String Theory: Opus
This Week in the Village Voice Theater section:
Michael Feingold offers an appreciation of Ingmar Bergman, focusing on both his films and his theatrical work, a major aspect of his career that too many obits have ignored. “He made this latter reputation doing only what great stage directors are supposed to do: taking on the finest works of dramatic literature and putting his personal mark on them in ways that magically managed to fulfill both his own vision and their authors’ deepest meanings.”
I spent my week exploring the disputed territory of Israeli-Palestinian drama, attending Betty Shamieh’s The Black Eyed and Ilan Hatsor’s Masked. The former concerns four Palestinian from across the centuries, trapped in the afterlife. Alas, “Shamieh has an exasperating impulse toward the general. She wants to speak for all women, always, and in portentous poesy besides.” Though Masked would like to spark controversy, the blurb on its poster “An Israeli play about three Palestinian brothers,” is much more shocking than the play itself.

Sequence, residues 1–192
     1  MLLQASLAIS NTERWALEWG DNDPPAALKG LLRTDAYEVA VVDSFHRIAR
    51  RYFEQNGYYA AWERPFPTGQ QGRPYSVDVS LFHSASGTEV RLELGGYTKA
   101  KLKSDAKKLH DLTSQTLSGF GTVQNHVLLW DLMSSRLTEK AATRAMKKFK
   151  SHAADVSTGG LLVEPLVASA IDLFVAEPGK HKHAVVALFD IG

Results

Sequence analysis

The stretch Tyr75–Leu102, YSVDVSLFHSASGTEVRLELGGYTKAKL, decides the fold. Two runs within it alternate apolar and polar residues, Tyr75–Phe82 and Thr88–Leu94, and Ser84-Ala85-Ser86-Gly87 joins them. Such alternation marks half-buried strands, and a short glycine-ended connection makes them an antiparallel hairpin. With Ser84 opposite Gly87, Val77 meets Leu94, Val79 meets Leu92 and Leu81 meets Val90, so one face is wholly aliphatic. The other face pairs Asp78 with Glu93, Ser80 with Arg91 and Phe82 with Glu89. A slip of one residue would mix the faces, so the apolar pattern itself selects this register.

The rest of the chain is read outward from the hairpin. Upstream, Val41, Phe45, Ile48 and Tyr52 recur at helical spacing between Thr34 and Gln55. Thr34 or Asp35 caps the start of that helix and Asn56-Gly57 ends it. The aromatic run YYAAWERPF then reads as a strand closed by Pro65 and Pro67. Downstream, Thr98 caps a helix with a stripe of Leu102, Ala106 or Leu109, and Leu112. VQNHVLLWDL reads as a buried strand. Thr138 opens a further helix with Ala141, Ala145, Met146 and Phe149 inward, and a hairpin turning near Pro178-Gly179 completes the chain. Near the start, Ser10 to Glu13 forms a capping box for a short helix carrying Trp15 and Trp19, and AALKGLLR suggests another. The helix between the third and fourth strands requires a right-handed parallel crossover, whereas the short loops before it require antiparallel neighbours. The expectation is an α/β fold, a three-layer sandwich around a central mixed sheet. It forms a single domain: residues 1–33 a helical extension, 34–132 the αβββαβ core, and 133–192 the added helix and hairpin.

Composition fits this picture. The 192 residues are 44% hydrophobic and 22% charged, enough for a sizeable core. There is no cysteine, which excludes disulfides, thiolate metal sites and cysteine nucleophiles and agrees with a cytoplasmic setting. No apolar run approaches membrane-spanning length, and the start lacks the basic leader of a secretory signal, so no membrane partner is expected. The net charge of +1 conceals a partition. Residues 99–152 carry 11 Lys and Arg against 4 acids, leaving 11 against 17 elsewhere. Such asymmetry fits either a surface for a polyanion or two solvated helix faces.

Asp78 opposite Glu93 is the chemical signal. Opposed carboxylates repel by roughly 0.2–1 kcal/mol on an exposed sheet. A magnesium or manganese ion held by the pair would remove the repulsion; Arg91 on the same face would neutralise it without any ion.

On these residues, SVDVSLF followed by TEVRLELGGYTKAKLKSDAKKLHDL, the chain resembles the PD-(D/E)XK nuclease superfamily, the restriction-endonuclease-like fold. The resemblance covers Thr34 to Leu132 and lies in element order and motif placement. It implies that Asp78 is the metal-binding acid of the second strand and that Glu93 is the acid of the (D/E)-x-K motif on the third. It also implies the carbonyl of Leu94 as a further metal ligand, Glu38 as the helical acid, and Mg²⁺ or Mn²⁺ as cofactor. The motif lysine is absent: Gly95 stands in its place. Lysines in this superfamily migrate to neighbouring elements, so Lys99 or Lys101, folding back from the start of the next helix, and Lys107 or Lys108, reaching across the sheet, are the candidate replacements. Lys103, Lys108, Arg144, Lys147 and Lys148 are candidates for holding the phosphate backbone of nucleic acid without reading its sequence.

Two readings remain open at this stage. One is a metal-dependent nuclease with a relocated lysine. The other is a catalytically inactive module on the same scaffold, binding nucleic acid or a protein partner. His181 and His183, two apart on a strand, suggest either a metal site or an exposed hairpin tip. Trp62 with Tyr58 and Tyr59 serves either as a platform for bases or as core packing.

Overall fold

Andy Propst doesn’t really harmonize with Michael Hollinger’s Opus at Primary Stages, calling it “an easily digested soap opera set in the highbrow world of classical music.” At Keith Reddin’s Human Errors, James Hannaham finds plenty: “When Miranda tearfully recites dialogue from the black-box recorder, we know this baby’s going down.”
This article from the Village Voice Archive was posted on August 16, 2007